Apple Inc.’s second-quarter results beat estimates, shares up

Apple Inc.’s second-quarter results beat estimates, shares up


Apple Inc. (AAPL) announced its earnings and revenue for the second quarter that beat consensus forecast. AAPL shares jumped nearly 4 percent in the after-hours trading session on Tuesday following better-than-expected results.

The iPhone maker announced a new share repurchase program of $100 billion and also lifted its dividend.

The Cupertino, California-based company posted earnings of $2.73 per share for the three-months period ended March 31, up from $2.10 per share in the same period, one year ago. Analysts on average were looking for a profit of $2.64 per share.

Revenue for the quarter came in at $61.1 billion, representing a surge of 16 percent from the comparable quarter last year, but slightly below consensus forecast of $60.9 billion.

Looking forward, Apple is expecting revenue in range of $51.5 billion to $53.5 billion for the fiscal third quarter, versus $51.6 billion estimated by analysts.

The company sold 52.2 million iPhone units in the second quarter, up 2.9 percent versus last year. Analysts on average had forecasted 52.3 million.

The average selling price of iPhone was $728 in the quarter, versus $740 predicted by analysts.

Investors start raising questions about iPhone sale after suppliers’ revealed low demand for expensive smartphones. Apple has also been facing tough competition in China, where local rivals like Vivo and Oppo have started grabbing market share in the world’s most populous country.

Apple’s services segment reported revenue of $9.1 billion in the quarter, easily beating analysts’ average estimate of $8.3 billion. The services business includes Apple Music, iCloud and the App Store. Even before the earnings report, investors were optimistic that growth in that segment would make up for slowing smartphone market.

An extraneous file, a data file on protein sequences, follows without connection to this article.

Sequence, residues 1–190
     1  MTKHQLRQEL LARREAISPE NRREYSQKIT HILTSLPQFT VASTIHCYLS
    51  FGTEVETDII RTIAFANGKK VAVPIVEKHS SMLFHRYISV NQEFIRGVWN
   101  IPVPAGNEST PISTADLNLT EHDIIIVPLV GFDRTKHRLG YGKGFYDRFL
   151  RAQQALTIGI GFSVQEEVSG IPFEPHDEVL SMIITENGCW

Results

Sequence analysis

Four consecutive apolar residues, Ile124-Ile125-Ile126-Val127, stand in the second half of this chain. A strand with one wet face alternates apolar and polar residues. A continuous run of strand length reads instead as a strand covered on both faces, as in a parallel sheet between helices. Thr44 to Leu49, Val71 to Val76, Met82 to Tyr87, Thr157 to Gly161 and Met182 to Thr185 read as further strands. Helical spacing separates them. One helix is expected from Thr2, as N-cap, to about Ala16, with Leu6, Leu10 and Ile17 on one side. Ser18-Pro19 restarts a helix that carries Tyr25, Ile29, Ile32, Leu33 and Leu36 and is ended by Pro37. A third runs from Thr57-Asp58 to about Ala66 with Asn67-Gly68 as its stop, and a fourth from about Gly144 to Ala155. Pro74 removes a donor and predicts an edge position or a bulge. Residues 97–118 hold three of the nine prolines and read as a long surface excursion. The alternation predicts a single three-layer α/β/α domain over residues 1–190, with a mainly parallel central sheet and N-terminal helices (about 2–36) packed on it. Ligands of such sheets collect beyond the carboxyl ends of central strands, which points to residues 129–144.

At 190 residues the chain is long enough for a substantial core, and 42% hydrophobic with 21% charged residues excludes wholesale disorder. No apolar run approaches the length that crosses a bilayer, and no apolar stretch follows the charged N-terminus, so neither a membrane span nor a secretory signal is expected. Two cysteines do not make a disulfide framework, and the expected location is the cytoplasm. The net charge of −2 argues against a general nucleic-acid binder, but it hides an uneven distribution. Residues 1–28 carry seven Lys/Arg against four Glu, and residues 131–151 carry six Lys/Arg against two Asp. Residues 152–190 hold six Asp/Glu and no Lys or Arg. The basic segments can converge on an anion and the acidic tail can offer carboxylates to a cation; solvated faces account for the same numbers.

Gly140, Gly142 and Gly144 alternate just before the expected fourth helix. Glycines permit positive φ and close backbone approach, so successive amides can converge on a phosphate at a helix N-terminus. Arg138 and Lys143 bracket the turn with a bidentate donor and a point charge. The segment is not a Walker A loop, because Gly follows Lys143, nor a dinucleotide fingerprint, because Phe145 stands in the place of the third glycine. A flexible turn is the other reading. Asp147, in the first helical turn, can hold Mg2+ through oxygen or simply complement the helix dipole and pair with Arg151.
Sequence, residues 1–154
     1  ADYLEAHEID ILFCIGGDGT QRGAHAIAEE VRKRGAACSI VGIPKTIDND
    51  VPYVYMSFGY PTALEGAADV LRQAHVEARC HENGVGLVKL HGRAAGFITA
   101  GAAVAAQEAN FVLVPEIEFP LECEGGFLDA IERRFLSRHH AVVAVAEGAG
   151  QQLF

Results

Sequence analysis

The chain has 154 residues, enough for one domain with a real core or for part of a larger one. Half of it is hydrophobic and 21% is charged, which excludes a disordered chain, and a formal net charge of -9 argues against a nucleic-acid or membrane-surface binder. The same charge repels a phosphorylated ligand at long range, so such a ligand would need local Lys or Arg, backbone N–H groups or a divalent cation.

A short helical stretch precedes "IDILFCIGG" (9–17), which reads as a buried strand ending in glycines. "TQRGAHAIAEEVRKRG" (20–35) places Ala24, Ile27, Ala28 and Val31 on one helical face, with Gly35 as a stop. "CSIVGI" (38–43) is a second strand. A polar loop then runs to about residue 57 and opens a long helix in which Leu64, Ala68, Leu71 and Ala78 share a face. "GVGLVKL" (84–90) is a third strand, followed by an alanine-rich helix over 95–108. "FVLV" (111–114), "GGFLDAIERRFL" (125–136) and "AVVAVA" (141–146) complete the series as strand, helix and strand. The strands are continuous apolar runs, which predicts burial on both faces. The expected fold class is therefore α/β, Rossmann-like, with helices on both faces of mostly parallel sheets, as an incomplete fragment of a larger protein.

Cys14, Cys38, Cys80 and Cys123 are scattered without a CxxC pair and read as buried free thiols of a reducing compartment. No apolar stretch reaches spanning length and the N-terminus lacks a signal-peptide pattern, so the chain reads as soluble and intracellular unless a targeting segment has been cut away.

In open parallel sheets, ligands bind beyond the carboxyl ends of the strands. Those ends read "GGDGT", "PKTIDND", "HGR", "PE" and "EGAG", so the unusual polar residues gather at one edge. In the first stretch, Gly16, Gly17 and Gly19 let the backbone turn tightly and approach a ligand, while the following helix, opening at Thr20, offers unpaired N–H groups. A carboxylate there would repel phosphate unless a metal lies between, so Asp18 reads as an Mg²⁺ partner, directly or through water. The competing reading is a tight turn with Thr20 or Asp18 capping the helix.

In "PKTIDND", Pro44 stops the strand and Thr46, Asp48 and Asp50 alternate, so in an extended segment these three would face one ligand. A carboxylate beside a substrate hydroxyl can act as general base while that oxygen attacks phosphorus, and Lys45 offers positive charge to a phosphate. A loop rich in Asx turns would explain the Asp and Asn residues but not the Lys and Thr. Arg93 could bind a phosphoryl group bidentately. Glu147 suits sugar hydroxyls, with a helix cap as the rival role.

Apple’s Other Product unit also enjoyed strong sales and revenue jumped 38 to $3.95 billion. The segment includes Apple TV, Apple Watch, HomePod, and AirPods headphones. CEO Tim Cook said that revenue from wearable devices rose nearly 50 percent on year-over-year basis.

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I handle much of news coverage for tech stocks, and occasionally cover companies in different sectors. In the past, I've written for other financial sites and published independent investment research, primarily on tech companies. I have a B.A. in Economics from Columbia University. I'm based out of San Diego, but grew up in Southern New Jersey. I play basketball and tennis in my spare time, am a long-time (and long-suffering) fan of Philadelphia's sports teams, and alternate daily between using an iPad Air, a Galaxy Note 3, and one or two Windows PCs.